Universities oppose humanities cut

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By Bleah B. Patterson

bpatterson13@student.alamo.edu

Faculty here is in good company with its concern about replacing a three hours of humanities with EDUC 1300, Learning Framework. Across the state, faculties of senior colleges are also concerned.

Faculty members at Texas State University and the University of Texas at Austin are shaking their heads at core changes the Alamo Colleges is pursuing.

Alamo Colleges is awaiting the Texas Higher Education Coordinating Board’s announcement on approval of the change, which would require every arts and sciences and applied science degree at all district colleges to require the course. It will include instruction in Stephen Covey’s “The 7 Habits of Highly Effective People.”

“The Alamo Colleges are absolutely wrong,” Dr. Larry Carver, English professor and director of liberal arts at UT-Austin, said in a phone interview Tuesday. “Taking humanities from the core will prevent students from thriving in this world, and they’ll be poorer for it.”

From Russian conflicts and terrorism prevention to climate change, drought and ecological degradation, Carver said none of the day’s vital issues can be solved without exposure to the humanistic disciplines of literature, philosophy and basic humanities. “The humanities are absolutely central to everything we do,” he said.

Carver said people have an abundance of scientific expertise, research, equipment and technological advances, which will be futile without courses that put the human experience back into society.

“Imagine politicians, engineers and scientists without a sense of our past or ideals of our culture,” Carver said. “As far as business and life skills go, learning frameworks courses cannot do justice to the writing and communication skills you gain in courses like literature.”

Dr. Lucy Harney, associate dean for academic affairs at Texas State’s School of Liberal Arts, cringes when she sees courses like EDUC 1300, Learning Framework, replacing literature and philosophy courses.

“Things like this are going to make universities vocational institutes without historical or philosophical exposure,” Harney said. “That’s where I see us heading. Some schools are already there.”

Harney said for the first time in history, people will be graduating with impressive degrees without ever taking philosophy or critiquing the Great American novel, “They’ll be a little stupider and have less perspective.”

Harney recalled fall 2009 when the Texas Higher Education Coordinating Board began requiring schools to reduce the core curriculum.

“All of this is being driven by the Coordinating Board, the people at the top,” she said. “The way they laid it out was to get rid of one hour of science lab and three of the six humanities hours.”

Texas State, prior to the Coordinating Board’s change, required students to take three hours of literature and three hours of philosophy to satisfy the six hours of humanities in the core.

In addition to the classes specified in the core, Texas State allows an additional six discretionary hours, which allowed students to pick any classes to fulfill those requirements.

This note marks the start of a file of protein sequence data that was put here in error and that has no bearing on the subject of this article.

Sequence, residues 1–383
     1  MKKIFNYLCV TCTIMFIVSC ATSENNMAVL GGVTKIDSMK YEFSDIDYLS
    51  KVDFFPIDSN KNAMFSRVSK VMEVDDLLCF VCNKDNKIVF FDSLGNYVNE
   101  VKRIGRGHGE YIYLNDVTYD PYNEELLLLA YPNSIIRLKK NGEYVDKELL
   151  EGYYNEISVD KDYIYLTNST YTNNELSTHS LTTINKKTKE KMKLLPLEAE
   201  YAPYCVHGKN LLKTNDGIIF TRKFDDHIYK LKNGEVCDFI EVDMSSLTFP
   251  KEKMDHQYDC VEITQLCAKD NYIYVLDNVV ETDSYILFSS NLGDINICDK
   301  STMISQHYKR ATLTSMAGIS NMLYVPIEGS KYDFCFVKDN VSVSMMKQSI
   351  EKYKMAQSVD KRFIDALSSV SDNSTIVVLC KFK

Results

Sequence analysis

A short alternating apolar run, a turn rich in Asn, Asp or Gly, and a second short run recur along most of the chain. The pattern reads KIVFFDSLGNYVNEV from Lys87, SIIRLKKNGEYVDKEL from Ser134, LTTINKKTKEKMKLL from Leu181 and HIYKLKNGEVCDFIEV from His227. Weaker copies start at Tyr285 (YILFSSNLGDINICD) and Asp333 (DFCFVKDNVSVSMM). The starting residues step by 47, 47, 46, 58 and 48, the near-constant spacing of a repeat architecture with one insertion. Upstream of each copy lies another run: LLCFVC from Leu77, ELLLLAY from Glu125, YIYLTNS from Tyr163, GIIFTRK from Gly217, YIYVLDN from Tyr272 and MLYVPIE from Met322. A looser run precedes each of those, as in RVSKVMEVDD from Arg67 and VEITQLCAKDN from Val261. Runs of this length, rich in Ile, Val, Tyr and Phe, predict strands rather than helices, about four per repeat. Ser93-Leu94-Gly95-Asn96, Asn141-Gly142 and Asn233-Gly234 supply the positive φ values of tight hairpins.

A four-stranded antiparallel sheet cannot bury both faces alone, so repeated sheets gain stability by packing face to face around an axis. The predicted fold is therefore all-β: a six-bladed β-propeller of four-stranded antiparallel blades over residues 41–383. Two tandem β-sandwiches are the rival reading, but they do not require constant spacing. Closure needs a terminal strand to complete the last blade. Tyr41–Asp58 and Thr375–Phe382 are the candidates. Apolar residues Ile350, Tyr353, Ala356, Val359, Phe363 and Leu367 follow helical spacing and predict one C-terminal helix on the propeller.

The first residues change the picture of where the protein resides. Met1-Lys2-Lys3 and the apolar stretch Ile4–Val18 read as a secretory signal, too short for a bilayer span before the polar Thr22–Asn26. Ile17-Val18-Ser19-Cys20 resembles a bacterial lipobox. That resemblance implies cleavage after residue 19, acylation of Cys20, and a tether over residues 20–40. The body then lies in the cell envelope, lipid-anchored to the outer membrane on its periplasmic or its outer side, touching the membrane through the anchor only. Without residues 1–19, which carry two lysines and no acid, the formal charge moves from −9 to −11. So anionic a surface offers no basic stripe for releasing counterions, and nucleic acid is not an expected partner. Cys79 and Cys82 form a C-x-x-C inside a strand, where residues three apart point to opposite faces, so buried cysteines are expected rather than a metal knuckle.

“A lot of us struggled with the idea of taking out six more humanities,” Harney said. “Our faculty argued the importance until we won the battle.”

To compromise, they took three hours of philosophy and placed them within those six discretionary hours and added three communication hours to fill the remaining three, leaving three hours of literature under humanities.

Harney said she speaks for many in her department who are worried not only about the direction the Texas higher education system is moving, but also that if forced to make more core changes, faculty at Texas State won’t be able to win a second time.

ate dean for academic affairs at Texas State’s School of Liberal Arts, cringes when she sees courses like EDUC 1300 replacing literature and philosophy.

“Things like this are going to make universities vocational institutes without historical or philosophical exposure,” Harney said. “That’s where I see us heading. Some schools are already there.”

Harney said for the first time in history, people will be graduating with impressive degrees without taking philosophy or critiquing the Great American novel. “They’ll be a little stupider and have less perspective.”

She recalled fall 2009 when the Coordinating Board began requiring colleges to reduce the core. “All of this is being driven by the Coordinating Board, the people at the top,” she said. “The way they laid it out was to get rid of one hour of science lab and three of the six humanities hours.”

Texas State, prior to the change, required three hours each of literature and philosophy to satisfy the six hours of humanities and allowed six discretionary hours. “A lot of us struggled with the idea of taking out six more humanities,” Harney said. “Our faculty argued the importance until we won the battle.”

To compromise, they placed philosophy within the discretionary hours and added three communication hours, leaving three hours of literature under humanities.

Harney said many in her department are worried about the direction of Texas higher education, but also that if forced to make more core changes, faculty won’t win again.

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